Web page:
In their final rally of the White House race, President Barack Obama and First Lady Michelle Obama campaigned in Des Moines late Monday night. Both spoke nostalgically about the president&rsquo;s start in iowa where the Illinoisan captured the 2008 Democratic caucuses. <span style="font-size: xx-small;"><em>Daily Times Herald photo by Douglas Burns</em></span>
In their final rally of the White House race, President Barack Obama and First Lady Michelle Obama campaigned in Des Moines late Monday night. Both spoke nostalgically about the president’s start in iowa where the Illinoisan captured the 2008 Democratic caucuses. Daily Times Herald photo by Douglas Burns
Tuesday, November 6, 2012

DES MOINES — Following an animated speech, both forward-looking and nostalgic, President Barack Obama Monday scanned an estimated crowd of 20,000 in downtown Des Moines, and confidently patted the side of the official podium, a gesture closing the book on whirlwind of campaigning — which started in February 2007 and earned Iowa a reputation as the launching pad for Obama’s historic presidency.

Regardless of the results tonight, Obama will never hold another presidential campaign rally for himself. As presidents are limited to two terms, the Des Moines event, which finished just after 11 p.m., is the final one of Obama’s final campaign.

“After all the months of campaigning, after all the rallies, after the millions of dollars of ads, it all comes down to you,” Obama said.  “It’s out of my hands now.”

The campaign event featured American music icon Bruce Springsteen — who wrote a campaign anthem for the president based on Obama’s slogan of “forward.” First Lady Michelle Obama introduced her husband in a speech that recalled early days on the campaign trail in the last cycle as Iowans were just starting to take the measure of the barrier-breaking president.

“I am so thrilled to be here in Iowa tonight because long before most people even knew his name, you all saw what I saw,” Michelle Obama said.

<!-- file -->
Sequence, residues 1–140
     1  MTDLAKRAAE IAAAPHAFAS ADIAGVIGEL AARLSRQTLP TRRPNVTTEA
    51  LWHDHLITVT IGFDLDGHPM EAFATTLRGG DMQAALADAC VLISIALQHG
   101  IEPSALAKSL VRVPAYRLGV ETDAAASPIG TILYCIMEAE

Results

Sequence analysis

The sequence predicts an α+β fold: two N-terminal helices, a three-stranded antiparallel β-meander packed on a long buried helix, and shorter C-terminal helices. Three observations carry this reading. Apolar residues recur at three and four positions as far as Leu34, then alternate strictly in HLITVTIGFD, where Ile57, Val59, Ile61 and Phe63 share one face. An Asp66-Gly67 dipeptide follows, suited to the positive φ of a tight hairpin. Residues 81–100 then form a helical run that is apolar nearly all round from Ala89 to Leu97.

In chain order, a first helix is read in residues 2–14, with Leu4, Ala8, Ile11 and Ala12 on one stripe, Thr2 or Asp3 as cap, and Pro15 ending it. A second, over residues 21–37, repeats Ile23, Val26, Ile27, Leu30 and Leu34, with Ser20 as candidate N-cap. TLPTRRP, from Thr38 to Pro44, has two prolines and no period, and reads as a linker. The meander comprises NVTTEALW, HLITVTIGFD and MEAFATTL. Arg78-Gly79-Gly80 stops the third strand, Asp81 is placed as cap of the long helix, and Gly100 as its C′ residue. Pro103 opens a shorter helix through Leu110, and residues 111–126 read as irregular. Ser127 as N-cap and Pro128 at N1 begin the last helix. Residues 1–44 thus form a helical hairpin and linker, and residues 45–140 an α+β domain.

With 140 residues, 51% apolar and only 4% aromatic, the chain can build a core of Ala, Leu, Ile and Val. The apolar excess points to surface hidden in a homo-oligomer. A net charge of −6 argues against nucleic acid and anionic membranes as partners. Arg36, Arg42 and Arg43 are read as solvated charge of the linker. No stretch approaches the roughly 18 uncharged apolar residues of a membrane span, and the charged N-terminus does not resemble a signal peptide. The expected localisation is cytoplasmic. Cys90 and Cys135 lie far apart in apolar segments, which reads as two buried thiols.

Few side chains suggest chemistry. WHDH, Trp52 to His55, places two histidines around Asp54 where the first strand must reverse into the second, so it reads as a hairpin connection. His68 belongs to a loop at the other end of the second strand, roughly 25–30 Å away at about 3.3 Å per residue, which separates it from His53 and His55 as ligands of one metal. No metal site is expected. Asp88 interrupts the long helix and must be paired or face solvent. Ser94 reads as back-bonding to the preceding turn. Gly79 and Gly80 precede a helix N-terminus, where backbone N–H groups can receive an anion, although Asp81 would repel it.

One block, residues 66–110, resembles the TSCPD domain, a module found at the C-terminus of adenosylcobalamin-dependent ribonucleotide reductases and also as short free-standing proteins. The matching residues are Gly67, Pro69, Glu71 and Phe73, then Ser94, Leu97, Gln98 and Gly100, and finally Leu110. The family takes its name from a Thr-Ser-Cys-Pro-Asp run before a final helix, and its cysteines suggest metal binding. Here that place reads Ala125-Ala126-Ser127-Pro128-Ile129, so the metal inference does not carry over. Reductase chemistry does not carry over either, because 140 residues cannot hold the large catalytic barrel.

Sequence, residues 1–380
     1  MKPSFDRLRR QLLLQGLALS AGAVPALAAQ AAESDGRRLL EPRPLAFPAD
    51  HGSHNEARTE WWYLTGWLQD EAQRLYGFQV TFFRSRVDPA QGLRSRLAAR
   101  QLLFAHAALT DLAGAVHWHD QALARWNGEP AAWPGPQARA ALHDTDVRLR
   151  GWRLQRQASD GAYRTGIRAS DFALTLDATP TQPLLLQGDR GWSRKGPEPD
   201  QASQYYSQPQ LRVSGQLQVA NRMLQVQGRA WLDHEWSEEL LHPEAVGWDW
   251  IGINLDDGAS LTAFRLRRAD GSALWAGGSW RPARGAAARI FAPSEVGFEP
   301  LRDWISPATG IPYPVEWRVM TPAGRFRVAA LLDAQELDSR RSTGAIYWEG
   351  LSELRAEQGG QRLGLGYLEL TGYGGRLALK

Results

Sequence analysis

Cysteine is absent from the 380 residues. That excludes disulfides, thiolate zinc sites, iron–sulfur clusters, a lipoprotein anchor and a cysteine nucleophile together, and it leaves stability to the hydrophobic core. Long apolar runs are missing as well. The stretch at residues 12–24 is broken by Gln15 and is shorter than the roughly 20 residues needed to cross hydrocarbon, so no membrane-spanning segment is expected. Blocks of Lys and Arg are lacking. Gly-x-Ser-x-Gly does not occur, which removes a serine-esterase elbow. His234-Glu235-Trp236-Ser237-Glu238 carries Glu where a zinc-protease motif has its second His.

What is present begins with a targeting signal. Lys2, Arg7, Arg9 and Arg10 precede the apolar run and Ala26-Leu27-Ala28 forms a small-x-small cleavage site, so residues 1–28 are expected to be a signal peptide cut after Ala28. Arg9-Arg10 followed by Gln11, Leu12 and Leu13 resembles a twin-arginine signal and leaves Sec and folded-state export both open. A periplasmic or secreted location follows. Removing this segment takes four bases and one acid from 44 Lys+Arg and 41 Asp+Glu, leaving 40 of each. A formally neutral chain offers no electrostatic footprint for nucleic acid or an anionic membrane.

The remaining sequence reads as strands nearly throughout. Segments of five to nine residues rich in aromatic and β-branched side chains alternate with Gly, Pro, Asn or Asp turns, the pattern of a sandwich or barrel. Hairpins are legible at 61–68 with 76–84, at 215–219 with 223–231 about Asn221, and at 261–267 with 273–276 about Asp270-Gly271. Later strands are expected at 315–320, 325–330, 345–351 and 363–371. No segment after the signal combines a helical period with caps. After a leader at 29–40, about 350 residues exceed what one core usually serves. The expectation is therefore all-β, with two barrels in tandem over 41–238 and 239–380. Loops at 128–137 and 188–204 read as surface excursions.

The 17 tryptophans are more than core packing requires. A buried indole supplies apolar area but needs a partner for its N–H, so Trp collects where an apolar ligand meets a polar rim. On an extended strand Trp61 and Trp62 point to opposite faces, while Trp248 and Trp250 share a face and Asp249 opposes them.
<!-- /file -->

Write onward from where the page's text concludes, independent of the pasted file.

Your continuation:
The then-U.S. senator from Illinois captured the Iowa caucuses in 2008 at a time when many veteran political observers believed Hillary Clinton a runaway favorite to secure the Democratic White House nomination.

Iowa has been central in the Obama re-election campaign. The president’s schedule included 21 campaign  events in Iowa. In the last 18 months, Obama spoke with The Daily Times Herald three times, once over the phone, at an event in Boone and in a session in the Oval Office. The president carried both Iowa and Carroll County in the 2008 general election.

At the Monday rally, Obama said he would work to craft fiscal compromises with Congress in a second term. But there are issues on which the president said he won’t bend, choices that he sees as more surrender that compromise.

“We’ll cut out spending we don’t need,” Obama said. “But as long as I’m president, we’re not going to turn Medicare into a voucher just to pay for another millionaire’s tax cut. We’re not going to kick a kid off of Head Start just to pay for a millionaire’s tax cut.”

Obama used the speech, at an outdoor venue in Des Moines’ East Village, as a fiery promotion of his record over the past four years. In 2008, Obama said, the United Stated was in the middle of two wars and the worst economic crisis since the Great Depression.